(GC Note: Legendary Hollywood actor Robert Preston made two more TV appearances after his role in TLSF and passed away in 1987.)
GC: Night of the Comet is one of my personal favorites. Was it as fun to shoot as it looked?
CMS: We did have fun shooting Night of the Comet. I loved my character, Reg. She is what attracted me to the movie in the first place.
I love her strength, independence and street smarts. It’s always unusual to find a strong female character that carries a movie, let alone two in the same movie!
It was a small budget so we all had to work together, shooting at weird hours, sometimes doing our own make-up and hair and in general really collaborating.
GC: Though Night of the Comet has a lot of humor, it is largely a zombie movie with you as the action hero. What were your biggest challenges with a role of this kind?
CMS: I LOVE the action stuff so that wasn’t a challenge at all. One of my favorite scenes was fighting the zombie and being tossed around.
As we were shooting there was some debate as to whether or not we would make it a serious, scary zombie horror movie, or keep it kinda tongue in cheek so we shot many scenes two different ways. The original concept was the more humorous path and I’m so thankful that it ended up the way it did. It makes the movie unique.
In terms of being really challenging, I just love acting so the more challenging the more satisfying.
GC: Your acting resume has its fair share of darker roles. What genre do you personally enjoy the most?
CMS: Horror is a gas, man!! I love the makeup and the blood and the guts and all the crazy creativity that goes into making it as crazy as possible and something that hasn’t been seen before. I’m not into reality/horror but I love cartoon/horror.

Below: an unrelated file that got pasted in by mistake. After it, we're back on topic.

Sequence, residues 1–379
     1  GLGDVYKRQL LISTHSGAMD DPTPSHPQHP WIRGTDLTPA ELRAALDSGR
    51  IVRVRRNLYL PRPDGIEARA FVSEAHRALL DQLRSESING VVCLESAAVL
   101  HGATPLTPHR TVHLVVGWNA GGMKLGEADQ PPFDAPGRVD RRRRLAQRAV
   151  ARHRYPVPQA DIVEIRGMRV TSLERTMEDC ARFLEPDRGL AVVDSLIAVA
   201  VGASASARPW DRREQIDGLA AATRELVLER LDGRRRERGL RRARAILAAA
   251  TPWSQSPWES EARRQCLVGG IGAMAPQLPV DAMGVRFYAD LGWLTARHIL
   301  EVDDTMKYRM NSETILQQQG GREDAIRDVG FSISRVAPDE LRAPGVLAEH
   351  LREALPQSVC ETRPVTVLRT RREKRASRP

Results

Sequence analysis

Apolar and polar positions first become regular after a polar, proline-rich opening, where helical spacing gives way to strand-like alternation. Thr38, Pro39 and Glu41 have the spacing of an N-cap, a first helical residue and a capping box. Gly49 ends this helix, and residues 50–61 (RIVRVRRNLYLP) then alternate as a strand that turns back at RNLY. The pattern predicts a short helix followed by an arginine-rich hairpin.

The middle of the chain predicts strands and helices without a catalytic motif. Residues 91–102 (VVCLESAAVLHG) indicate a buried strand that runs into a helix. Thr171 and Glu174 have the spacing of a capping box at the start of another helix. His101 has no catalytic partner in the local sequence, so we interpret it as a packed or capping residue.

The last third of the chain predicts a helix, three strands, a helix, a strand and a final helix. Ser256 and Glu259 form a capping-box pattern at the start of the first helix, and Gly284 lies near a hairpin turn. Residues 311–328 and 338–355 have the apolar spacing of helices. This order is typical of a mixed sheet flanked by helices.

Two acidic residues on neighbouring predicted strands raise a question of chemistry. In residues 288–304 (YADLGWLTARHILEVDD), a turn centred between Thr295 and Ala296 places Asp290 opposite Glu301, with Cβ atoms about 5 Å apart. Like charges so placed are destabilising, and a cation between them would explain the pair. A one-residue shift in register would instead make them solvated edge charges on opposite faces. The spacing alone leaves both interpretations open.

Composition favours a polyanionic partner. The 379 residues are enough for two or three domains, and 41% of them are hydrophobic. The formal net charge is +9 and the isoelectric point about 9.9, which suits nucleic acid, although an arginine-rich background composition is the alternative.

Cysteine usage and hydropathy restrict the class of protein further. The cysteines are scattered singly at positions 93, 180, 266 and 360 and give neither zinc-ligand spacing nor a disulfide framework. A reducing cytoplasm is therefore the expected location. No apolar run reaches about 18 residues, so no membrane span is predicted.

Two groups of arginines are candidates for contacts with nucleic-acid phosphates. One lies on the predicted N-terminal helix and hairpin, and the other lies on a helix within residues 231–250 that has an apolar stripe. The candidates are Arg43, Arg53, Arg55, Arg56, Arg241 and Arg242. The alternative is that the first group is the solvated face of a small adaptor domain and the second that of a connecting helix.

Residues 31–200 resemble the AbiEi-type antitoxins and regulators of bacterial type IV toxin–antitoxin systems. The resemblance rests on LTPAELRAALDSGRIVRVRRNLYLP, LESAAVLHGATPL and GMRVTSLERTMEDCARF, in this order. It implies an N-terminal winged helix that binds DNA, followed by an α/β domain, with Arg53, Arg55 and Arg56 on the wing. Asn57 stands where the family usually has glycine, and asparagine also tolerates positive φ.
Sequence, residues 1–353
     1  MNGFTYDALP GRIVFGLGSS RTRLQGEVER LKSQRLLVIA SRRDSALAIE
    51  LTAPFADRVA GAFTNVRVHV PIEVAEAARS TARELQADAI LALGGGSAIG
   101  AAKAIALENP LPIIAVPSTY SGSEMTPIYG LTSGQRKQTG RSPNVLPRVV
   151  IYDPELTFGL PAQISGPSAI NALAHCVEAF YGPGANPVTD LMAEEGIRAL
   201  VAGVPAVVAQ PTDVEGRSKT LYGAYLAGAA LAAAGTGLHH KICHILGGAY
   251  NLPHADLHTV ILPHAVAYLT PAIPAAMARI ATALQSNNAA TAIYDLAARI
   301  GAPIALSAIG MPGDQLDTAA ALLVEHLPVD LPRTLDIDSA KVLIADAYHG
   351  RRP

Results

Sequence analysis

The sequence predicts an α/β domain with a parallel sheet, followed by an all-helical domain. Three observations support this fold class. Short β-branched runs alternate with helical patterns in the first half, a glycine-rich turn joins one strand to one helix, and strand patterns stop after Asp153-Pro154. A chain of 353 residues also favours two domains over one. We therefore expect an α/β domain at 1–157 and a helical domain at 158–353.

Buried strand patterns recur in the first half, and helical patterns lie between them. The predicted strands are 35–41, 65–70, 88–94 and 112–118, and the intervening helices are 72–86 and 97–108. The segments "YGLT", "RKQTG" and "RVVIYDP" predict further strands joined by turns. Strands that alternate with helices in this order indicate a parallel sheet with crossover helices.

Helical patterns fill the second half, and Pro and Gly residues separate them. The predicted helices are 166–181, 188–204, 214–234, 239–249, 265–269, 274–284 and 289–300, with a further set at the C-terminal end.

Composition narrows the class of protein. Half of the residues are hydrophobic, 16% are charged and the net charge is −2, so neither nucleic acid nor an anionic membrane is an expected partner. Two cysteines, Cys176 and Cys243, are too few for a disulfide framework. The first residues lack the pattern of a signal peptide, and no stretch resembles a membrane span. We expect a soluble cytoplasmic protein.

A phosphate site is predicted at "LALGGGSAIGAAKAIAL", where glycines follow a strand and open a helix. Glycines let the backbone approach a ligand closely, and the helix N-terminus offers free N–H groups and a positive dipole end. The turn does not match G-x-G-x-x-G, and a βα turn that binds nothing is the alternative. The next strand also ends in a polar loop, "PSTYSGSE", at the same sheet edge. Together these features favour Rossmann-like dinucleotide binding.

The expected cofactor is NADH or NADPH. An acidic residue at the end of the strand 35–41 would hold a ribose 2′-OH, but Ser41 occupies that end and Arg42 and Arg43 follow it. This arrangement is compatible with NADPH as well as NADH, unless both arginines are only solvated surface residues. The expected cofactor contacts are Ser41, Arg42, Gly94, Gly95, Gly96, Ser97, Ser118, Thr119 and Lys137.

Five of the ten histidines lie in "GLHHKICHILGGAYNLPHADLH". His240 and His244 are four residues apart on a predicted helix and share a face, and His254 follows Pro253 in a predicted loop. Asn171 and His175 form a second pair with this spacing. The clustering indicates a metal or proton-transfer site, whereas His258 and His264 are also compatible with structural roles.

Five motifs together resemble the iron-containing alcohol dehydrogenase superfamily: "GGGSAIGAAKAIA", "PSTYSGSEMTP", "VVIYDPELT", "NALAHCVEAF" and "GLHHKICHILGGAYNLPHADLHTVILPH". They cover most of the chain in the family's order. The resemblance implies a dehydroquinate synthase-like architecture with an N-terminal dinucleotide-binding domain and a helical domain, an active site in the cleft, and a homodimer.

GC: What have you been working on lately and where can you fans see you next?
CMS: Lately, I seem to playing my share of middle aged, unhappy, alcoholic, rich women! That’s fun too! I’ve been in several movies for Lifetime and Hallmark. I did a movie that was released this fall called A Christmas Snow.
As you can imagine, it’s a Christmas movie. I play a curmudgeonly woman who’s never been able to forgive her father for abandoning her and her mother as a child on Christmas Eve. Through an odd set of circumstances she gradually learns the power of family, love and forgiveness.
A Christmas Snow is being reworked into a musical and I am to reprise my role. It’s going up in Branson, MO., next fall. That should be fun!
GC: I see that there is a petition going around to get you on Dancing With the Stars. Is this something you’d really be interested in doing if your fans are successful?
OK, I’m done with the plugs…
GC: I read that you have two kids. Have they watched your early screen appearances and if so, what do they think?
CMS: I do. They are both teenagers now, but a few years ago they had separate sleepovers for their birthdays that included the same activity of screening movies. Two of the movies they screened were Night of the Comet and The Last Starfighter. It made me smile. I’m just their mom in the end and boy if anyone wants to stay grounded, have children! They are totally not impressed with what I do, in any obvious way, anyway. I have a feeling there’s a little pride in there somewhere. 🙂 They are the greatest thing that ever happened to me or ever will. I love every second of being a mom!
Well there it is. Now go sign the readers’ petition to get Catherine Mary Stewart on Dancing with the Stars and pick up a copy of the 25th Anniversary Edition of The Last Starfighter; it’s a ton of fun.
And if there’s anyone else you’d like me to track down for you, be assured I’m here just to do your bidding. Post a comment or drop me a note at Sue@blackgate.com.